Aims and objectives: This paper reports the findings of part of a larger study that explored the empowerment of nursing students in clinical practice. The focus here is on the phenomenon of 'voice' and the extent to which nursing students are able to exercise voice during their clinical practice experiences.
Background: There is evidence to suggest that nursing students are 'silenced' in clinical practice and that they are unable to make their voices heard, even when they witness poor nursing practice.
Methods: This study explored the experiences of thirteen nursing students in the UK as they progressed through their undergraduate nursing programme. The study was underpinned by hermeneutic phenomenology. Data were generated through annual, semi-structured interviews and focus group discussions.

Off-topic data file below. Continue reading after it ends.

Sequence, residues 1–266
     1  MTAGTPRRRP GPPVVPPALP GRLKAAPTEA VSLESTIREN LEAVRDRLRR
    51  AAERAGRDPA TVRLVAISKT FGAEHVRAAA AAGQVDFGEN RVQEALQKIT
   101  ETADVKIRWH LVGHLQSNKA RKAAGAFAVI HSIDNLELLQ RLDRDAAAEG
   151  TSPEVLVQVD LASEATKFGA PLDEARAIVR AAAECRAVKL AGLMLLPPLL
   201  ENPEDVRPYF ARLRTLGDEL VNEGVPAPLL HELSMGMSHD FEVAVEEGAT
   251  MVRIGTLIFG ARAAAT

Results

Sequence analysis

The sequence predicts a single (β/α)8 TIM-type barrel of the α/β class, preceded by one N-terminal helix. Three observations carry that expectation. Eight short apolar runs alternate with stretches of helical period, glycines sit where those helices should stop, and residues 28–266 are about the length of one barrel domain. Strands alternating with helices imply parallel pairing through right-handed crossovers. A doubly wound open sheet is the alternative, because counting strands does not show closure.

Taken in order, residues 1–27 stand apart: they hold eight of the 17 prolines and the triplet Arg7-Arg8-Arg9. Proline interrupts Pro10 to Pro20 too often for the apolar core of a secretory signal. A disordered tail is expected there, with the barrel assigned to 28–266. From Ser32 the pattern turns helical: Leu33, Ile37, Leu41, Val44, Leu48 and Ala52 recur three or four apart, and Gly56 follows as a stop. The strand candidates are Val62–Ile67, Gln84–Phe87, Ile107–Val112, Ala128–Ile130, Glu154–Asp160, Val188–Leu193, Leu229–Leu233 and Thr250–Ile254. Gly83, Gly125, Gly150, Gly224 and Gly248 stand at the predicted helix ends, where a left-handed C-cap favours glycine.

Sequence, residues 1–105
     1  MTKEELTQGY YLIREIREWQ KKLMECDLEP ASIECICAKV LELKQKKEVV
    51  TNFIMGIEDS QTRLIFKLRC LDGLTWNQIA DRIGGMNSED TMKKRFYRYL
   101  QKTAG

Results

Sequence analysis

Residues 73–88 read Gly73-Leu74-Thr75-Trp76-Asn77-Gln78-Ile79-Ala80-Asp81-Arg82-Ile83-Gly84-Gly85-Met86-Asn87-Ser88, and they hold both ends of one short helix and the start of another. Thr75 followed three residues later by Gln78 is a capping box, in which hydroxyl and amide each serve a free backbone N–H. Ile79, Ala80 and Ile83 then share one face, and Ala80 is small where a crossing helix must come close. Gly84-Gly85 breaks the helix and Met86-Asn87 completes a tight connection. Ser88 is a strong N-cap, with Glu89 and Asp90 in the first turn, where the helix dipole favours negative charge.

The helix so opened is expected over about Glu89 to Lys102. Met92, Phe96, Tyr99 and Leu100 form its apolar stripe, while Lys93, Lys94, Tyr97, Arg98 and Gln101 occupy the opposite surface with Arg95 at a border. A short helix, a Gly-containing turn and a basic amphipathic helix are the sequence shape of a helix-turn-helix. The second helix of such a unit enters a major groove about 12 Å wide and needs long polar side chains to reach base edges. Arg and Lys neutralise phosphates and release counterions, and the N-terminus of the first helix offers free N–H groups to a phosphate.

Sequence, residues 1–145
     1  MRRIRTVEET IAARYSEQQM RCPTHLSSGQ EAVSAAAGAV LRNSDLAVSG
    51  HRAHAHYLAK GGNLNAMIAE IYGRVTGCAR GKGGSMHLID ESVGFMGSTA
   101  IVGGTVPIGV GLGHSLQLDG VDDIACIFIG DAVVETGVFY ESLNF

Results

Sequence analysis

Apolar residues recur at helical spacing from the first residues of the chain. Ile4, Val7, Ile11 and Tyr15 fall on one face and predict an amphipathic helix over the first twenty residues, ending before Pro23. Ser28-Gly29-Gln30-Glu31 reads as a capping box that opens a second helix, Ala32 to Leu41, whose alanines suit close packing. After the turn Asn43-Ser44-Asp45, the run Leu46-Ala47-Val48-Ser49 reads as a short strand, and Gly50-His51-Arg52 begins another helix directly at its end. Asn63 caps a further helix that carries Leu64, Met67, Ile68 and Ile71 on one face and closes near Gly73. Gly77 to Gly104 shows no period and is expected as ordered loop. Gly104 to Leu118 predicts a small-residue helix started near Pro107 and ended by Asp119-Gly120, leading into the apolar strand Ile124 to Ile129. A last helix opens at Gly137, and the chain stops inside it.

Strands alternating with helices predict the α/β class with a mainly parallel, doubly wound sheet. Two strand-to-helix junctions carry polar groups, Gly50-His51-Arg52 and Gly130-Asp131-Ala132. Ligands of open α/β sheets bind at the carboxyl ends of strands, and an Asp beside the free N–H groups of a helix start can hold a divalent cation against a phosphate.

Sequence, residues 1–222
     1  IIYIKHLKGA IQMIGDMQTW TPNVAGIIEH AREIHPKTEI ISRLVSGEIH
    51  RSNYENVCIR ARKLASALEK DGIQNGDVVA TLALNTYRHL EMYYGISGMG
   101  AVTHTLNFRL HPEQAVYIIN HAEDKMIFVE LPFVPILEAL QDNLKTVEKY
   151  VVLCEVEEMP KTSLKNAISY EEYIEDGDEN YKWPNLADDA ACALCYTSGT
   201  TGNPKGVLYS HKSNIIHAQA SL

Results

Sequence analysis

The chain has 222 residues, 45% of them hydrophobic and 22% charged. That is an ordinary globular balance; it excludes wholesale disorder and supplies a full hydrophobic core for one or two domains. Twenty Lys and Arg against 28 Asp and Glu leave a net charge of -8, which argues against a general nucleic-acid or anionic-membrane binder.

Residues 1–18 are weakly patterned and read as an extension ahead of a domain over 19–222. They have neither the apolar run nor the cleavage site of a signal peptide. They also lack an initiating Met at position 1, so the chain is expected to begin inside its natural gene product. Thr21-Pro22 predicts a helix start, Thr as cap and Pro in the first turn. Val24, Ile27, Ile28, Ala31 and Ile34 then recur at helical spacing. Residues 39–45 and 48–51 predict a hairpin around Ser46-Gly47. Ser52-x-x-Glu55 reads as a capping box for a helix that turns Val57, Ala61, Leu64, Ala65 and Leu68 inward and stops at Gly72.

Findings: In situations that called for nursing students to 'speak up' they did one of two things: exit or voice. However, there was bridging of these actions in the form of 'negotiating voice'.
Discussion: Theoretically, findings of this study can be understood in relation to Hirschman's notions of 'exit and voice'. However, rather than being dichotomised extremes, an exit-voice continuum is proposed.
Conclusions: Students are often silenced in clinical practice, but to overcome this they negotiate situations in an attempt to be heard. This paper provides new insight into the means by which nursing students can be supported to avoid the exit option, in favour of exercising voice. (C) 2010 Elsevier Ltd. All rights reserved.